The Participation Trophy

The Buffalo News’ Colin Dabkowski weighs in on the ongoing debate over whether we should criticize good people’s good efforts when they fail to live up to expectations.

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No Justice for Jamey

Yesterday, Amherst Police held a brief press conference to inform the public that no charges would be brought against any of Jamey Rodemeyer’s tormentors. Jamey, you’ll remember, was the 14 year-old Williamsville North student who took his own life after having been bullied relentlessly for being a little bit different. I wrote about Jamey’s suicide here, and published the stories from some of his former classmates in this post, along with a brief analysis of some of his Tumblr posts, which showed that – beyond bullying at school – this was a deeply troubled young man who wrote about cutting himself, and about horrible things he said his parents had told him.

Amherst police found that bullying that leads to suicide is difficult to prosecute – the principal witness is dead, and you can’t base a criminal case on hearsay. Many of the alleged bullying incidents were never contemporaneously reported to school authorities, and the time had passed to prosecute anything that happened during middle school.

It would appear that legislation is needed if bullying-rising-to-the-level-of-harassment is adequately to be prosecuted. There are measures pending to strengthen cyberbullying laws (something the police said wasn’t happening to Jamey on any sort of a regular basis), but the more important avenue is prevention.

While cyberbullying is the focus because it’s something relatively new, the real goal ought to be to provide kids with a safe, comfortable place to learn. The Rodemeyer case took school districts and parents by surprise, and to my knowledge only the Orchard Park system has a comprehensive, ongoing anti-bullying system in place, which demands 100% participation and buy-in by students, faculty, parents, and administrators alike.

While I think that school harassment should be prosecuted, and that the laws should be amended so that a victim’s death doesn’t halt any such action, school districts across the state should adopt and implement the Olweus Bullying Prevention Program.

Developed by Clemson University and the Hazelton Foundation, this program doesn’t just rely on placards and occasional “No H8” assemblies.  Instead, it includes a weekly curriculum with restorative justice elements and frequent class meetings. Every adult in the school is trained in the program, and it has a proven track record of reducing the frequency and severity of bullying events.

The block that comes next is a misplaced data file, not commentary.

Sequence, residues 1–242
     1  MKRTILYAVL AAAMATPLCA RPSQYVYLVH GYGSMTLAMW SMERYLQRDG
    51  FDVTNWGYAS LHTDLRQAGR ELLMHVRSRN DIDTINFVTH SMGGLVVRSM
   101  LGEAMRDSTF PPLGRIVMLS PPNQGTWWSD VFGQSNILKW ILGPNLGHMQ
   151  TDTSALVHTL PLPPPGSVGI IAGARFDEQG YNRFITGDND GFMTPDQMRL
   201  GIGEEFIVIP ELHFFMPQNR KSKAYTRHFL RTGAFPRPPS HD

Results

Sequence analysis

The Jamey Rodemeyer tragedy has many in the community demanding justice for anyone who may have contributed to his feelings of despair, self-hatred, and hopelessness. I wish that these kids could be made to understand what their words have done. It doesn’t look like it’s going to happen, and civil litigation would be likewise difficult to pursue. The whole case has an aura of unfinished business about it, and society should demand better.


If everything goes as planned, this will be my first post as an online writer for Artvoice. Thankfully, it’s somewhat of a slow week, what with Thanksgiving and all.  Many thanks to Geoff Kelly and Jamie Moses for this unique and special opportunity.

To those of you who may be unfamiliar with my work with, I mostly write about local and regional political matters under the pen name “Buffalopundit”. You can follow me on Twitter and become a fan on the bookface. You can email tips, etc. here.

By way of background, I’m an immigrant to Buffalo – I’m not a native, and I’m not repatriated. I’m also not a sports fan, so I have little use for Buffalo’s most popular pastimes – sports and nostalgia.

By way of introduction, here’s a post I wrote in 2005 explaining why someone would pick up and move from Boston to Buffalo out of, essentially, the clear blue sky. A few things are different; the 5 year-old is now 11 and has a 5 year-old little sister. I work at a new place, but the sentiments remain the same: Read more